Are you dreaming of a white Nordic Christmas? And would you like to spend a real Norwegian Christmas somewhere in the mountains one day? Well, I'm happy to say that Ben is taking over the blog today to tell you all about Norwegian Christmas traditions - and how these differ from his home in England!
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Hello there! I am an English expat and freelance blogger. I’m originally from the big city of London, but for the last three months I’ve been living in the beautiful town of Kristiansund on Norway’s west coast.
I’ve long been a fan of Norway, and since it’s coming up to Christmas time, I thought I’d share with you some of the things I’ve learned about how to have a proper Norwegian Christmas.
Christmas really does come early
If you're in Norway for the holiday season, and you see people opening their presents a day early, don't be surprised – Norwegians actually celebrate Christmas on the 24th of December, not the 25th.
This isn’t just the case in Norway. In fact, all of the Scandinavian countries, as well as central and Eastern Europe, have their main festivities on Christmas eve.
But don’t worry, this doesn’t mean that everything goes back to normal on Christmas day! Norwegians treat this as a special day to spend with family, which usually involves eating a second festive meal and enjoying quality time together.
In fact, the yuletide fun is often spread over many days of relaxing, chatting, and filling up on tasty food. Which brings me onto my next point…
Eat, drink and be merry
In Norway, as with everywhere else it’s celebrated, Christmas tends to revolve around delicious and special foods.
In England we’d usually serve a fat and juicy turkey, along with crunchy-on-the-outside-fluffy-on-the‑inside roast potatoes, and other mouth-watering sides. I was expecting something equally yummy when spending Christmas in Norway, and I wasn’t disappointed!
Norway is a country that values its traditions, and you’ll still find many families tucking into the old favourite of pinnekjøtt. While this is directly translated to ‘stick meat’, it actually means ribs of lamb, served with a hearty dollop of swede and potato mash.
There’s also the unusual delicacy of lutefisk, or dried cod that has been soaked in lye until it has a jelly‑like consistency. I was warned on many occasions that this dish had a strong flavour, and that as a foreigner I probably wouldn’t like it – but in reality it was quite mild, with an interesting texture.
Lastly, I’ve been informed that many Norwegians are now opting for something a little more informal for their Christmas meal: a Grandiosa pizza. This is perhaps unsurprising, as this flavoursome pizza is often referred to as ‘Norway’s unofficial national dish!’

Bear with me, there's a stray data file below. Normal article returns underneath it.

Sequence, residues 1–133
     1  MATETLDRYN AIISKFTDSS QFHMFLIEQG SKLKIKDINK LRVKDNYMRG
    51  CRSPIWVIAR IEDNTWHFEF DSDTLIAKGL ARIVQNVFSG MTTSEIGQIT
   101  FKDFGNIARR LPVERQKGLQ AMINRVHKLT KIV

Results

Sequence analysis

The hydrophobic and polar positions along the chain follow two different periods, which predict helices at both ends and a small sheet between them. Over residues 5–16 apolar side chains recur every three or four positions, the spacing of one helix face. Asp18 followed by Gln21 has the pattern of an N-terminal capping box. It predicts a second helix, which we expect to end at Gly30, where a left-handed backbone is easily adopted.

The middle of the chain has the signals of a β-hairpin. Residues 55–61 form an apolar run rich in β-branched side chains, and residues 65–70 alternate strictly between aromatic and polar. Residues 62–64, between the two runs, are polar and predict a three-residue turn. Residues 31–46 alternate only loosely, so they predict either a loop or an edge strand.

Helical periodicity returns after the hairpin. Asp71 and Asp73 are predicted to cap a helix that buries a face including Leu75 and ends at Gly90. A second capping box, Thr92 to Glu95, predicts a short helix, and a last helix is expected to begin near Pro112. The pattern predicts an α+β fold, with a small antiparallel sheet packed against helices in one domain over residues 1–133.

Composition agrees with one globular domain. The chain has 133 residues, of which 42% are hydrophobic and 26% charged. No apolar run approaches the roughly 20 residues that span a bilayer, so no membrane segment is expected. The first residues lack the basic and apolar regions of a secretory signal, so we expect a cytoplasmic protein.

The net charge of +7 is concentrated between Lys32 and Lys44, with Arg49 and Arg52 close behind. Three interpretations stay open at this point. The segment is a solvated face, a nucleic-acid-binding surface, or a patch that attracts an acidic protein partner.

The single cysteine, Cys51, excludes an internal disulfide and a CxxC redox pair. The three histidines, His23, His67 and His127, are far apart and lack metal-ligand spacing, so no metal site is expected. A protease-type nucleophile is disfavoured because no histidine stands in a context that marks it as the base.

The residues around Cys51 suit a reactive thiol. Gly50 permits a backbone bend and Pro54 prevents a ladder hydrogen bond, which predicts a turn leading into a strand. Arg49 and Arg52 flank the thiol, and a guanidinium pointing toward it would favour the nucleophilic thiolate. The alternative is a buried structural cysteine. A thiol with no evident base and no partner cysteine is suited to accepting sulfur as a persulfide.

Gather round the television
As I mentioned, Norway is strong on tradition, and there are some TV programmes that everyone simply has to watch over the yuletide season.
Top of the list is an English comedy sketch that’s wildly popular in countries across Europe, but virtually unknown in Britain. “Dinner for One” has a cast of two: an old aristocratic lady, and her equally aged butler.
It’s slapstick comedy at its very best, and sure to put a smile on your face. Watch the below clip and you’ll be well on your way to experiencing a true Norwegian Christmas.
Of course, there’s also the dubious pleasures of the ‘Julekalender’ series, a cult favourite that makes its way onto television sets every few years. The show involves three lovable Christmas dwarves, or ‘nisses’.
The funniest thing about this show is the fact it is recorded in ‘Norwenglish’ – a hilarious blend of Norwegian and mangled English. Try to watch the below video without wincing. Go on, I dare you.
Deck the halls with… advent candles
In Britain, the word “advent” conjures up images of cardboard or linen calendars, filled with chocolates or other little treats – with one to be opened each day in the run‑up to Christmas.
As a child, the challenge would be to avoid eating all the chocolate from the advent calendar at once. Or to succumb to temptation, then try to cover up after yourself by closing the little doors and pretending nothing had happened.
But “Advent” is also the name for the period leading up to Christmas, and in Norway there are some special customs to be followed during these weeks. For instance, it’s common to light a candle on the fourth Sunday before Christmas, and then light another candle each Sunday until the big day.
These candles are often left in windowsills, so they can shine out at passers-by. Driving through a town or village at night, and seeing these little lights winking at you from every house, is a truly magical experience.
As you might have realised, Christmas is a big deal in Norway. Whether you’re tucking into delicious food, watching festive TV programmes, or sipping on some gløgg (Norwegian mulled wine), the most important thing is to be together with family.
This is a time for gathering your loved ones and rejoicing in each other’s company, as the nights draw in and the cold Norwegian winter starts to bite. So pull up a chair, put on an episode of Julekalender, and let the holiday season begin.
How do your Christmas traditions differ from Norwegian ones?
Leave a comment below!
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